Realizing that I had not updated my House ratings since late May, I put together a new classification this week-end. I was interested in seeing whether an overall look at the landscape would show it really has deteriorated as much for Democrats as the past few months’ fragmented analyses have suggested. While I expected the trends I found (the number of even potentially GOP competitive has plunged and the number of highly competitive Democratic seats has skyrocketed), I have to admit that the discrepancy is clearer than I had anticipated. Details will be coming later this week. For now, suffice it to say that Democrats have been receiving such a continuous drip of bad news that even New Year’s week-end brought them 3 disappointments.
In KS-02, promising Democratic candidate state Senator Laura Kelly announced she was ending her campaign against freshman Rep. Lynn Jenkins. While Kelly always faced an uphill climb (unseating an GOP incumbent in a district that voted for John McCain by 12%), she had experience winning in hostile territory since her legislative district is Republican; also, Kelly could have gotten an opening from the fact that Jenkins faces a tough primary against state Senator Dennis Pyle, who charges the congresswoman has revealed herself as a non-conservative in her first year. (Reminder: Jenkins claim to fame in 2009 was her comment that the GOP needs a “great white hope” to oust Obama.)
Kelly’s exit is part of the broader story of the debacle that is the Kansas Democratic Party. Republicans are uncontested in the open Senate and Governor’s seats; at the moment, we can say the same about KS-03, the House seat left open by Rep. Dennis Moore: While Democrats are still hoping Kansas City Mayor Joe Reardon and former Mayor Carol Marinovich will enter the race, they are still looking for a candidate 6 weeks after Moore’s retirement. At this point, Democrats have their strongest Kansas candidate in KS-04 (left open by GOP Rep. Thiart), which is bizarre because this district is more conservative than KS-02 and KS-03 and more conservative than Kansas at large!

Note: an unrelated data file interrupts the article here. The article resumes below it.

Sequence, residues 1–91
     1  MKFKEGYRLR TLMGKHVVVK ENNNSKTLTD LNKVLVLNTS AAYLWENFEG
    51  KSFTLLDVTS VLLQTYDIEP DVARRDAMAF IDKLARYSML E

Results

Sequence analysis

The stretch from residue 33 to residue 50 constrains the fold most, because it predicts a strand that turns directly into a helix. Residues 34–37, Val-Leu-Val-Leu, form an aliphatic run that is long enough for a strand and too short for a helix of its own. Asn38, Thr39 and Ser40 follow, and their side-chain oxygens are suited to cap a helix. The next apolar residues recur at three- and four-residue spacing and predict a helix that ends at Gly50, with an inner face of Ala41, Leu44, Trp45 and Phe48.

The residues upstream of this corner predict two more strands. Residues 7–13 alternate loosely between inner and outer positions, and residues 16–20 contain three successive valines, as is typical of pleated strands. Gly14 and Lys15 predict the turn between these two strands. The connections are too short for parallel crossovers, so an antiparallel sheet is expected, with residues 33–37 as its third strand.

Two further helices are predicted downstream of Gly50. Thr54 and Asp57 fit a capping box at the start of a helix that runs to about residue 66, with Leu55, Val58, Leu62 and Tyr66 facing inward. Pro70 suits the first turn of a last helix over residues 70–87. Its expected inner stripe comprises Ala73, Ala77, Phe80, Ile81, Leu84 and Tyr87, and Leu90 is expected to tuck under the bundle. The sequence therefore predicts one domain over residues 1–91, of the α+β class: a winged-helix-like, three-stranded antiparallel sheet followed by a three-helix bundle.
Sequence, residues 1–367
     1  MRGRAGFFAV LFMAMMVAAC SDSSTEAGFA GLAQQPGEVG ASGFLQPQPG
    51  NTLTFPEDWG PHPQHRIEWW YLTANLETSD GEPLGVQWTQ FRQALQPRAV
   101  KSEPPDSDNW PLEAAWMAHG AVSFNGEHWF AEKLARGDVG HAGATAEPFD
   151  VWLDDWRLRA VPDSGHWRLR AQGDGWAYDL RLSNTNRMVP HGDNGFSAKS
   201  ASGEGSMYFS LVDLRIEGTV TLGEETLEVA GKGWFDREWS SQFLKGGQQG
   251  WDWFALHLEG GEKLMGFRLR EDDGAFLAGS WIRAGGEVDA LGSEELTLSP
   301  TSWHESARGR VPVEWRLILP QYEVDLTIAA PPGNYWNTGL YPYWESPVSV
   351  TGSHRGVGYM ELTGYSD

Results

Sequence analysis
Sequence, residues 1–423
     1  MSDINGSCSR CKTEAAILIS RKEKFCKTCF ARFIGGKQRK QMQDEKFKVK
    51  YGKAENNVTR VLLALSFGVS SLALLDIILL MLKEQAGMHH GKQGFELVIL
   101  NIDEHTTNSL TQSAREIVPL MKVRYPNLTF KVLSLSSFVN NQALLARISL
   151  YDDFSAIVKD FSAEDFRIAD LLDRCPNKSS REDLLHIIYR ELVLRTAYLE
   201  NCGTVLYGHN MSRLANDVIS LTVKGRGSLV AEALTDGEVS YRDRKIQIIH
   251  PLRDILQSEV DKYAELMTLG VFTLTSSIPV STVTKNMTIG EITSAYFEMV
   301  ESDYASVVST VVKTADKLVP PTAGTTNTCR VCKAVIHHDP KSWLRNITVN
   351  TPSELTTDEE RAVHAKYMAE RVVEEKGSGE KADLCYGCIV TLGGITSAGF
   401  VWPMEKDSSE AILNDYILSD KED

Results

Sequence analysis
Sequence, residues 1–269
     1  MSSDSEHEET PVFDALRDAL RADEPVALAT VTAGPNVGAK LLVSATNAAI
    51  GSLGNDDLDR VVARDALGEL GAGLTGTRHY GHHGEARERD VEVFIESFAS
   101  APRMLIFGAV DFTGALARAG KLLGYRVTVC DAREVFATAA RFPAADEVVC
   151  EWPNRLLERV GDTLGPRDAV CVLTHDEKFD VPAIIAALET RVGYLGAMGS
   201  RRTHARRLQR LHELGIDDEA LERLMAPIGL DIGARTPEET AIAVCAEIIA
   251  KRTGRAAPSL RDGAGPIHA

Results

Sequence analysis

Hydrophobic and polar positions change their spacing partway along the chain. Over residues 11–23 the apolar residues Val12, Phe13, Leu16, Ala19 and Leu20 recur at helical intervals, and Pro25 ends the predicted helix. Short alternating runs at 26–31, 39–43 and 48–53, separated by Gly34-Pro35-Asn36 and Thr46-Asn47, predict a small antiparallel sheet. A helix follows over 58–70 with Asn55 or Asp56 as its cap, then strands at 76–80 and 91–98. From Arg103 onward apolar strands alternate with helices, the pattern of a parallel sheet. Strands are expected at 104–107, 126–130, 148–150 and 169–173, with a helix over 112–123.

In AL-05, Public Service Commissioner Susan Parker announced she would not challenge recent party-switcher Parker Griffith. She becomes the second prominent Democrat to do so this week, since Ron Spark stuck to the Governor’s race on Tuesday. Parker was never as likely as Sparks to get in, because a House campaign would have meant giving up her safe seat on the Public Service Commission (whereas Sparks is an underdog in his statewide race); on the other hand, Parker was known to have congressional ambitions since she was looking to run for the open House seat back in 2008. The DCCC signaled it preferred (self-funder) Parker Griffith, and the rest is history.
As is to be expected in a Southern state, Democrats have a decent bench of local officials so the party could still field a known entity (for instance, state Rep. Randy Hinshaw). Yet, the district’s conservative drift combined with what is shaping up to be a good environment for Republicans would have made the general election challenging for even the most formidable of Democratic candidate, let alone for the party’s second choice candidates.
In TX-10, not only did surprisingly well-financed Democrat Jack McDonald unexpectedly end his campaign two weeks ago, but his party’s second choice has now ruled out a run after spending a few days considering the possibility: 2008 nominee Larry Doherty (a former TV Judge on the show “Texas Justice”) will not seek a rematch against Rep. McCaul. While Doherty gained attention in the final weeks of the campaign, the final result was underwhelming (he lost 54-43, the same margin as Obama) so it’s not like he would have stricken McCaul with fear. But he would at least have been a prominent contender, attracted coverage, met some fundraising success.
Thus, he might have faced a very uphill climb but he would at least have forced the GOP to pay some attention to the district. Even with the speculation that McCaul’s 2006 opponent Ted Ankrum might file for a rematch tomorrow (which happens to be the filing deadline), TX-10 will now most likely completely leave our radar screen.
That gets us to the reason these developments are so problematic for Democrats. Sure, it’s been a while since the DCCC last dreamed of big 2010 gains. Sure, KS-02, AL-05 and TX-10 would have been tough districts to win in any environment - just look at the 2008 results - let alone next year’s. But Kelly, Parker, McDonald and Doherty would have put these districts on the map; they would have forced the GOP to keep an eye on them. Since national committees’ first duty is to protect their incumbents, the NRCC would have had to spend money defending Reps. Jenkins, Parker and McCaul.
The GOP is now free to use that to expand the map, to put more Democratic districts in play, to target more congressmen who haven’t faced competitive races in decades but who might reveal themselves to be very vulnerable if only the NRCC finds the resources to go after them. If Democrats want to protect Reps. Berry, Snyder, Hall or Mollohan, they better make sure not to keep some GOP districts in play, even if it’s only marginally.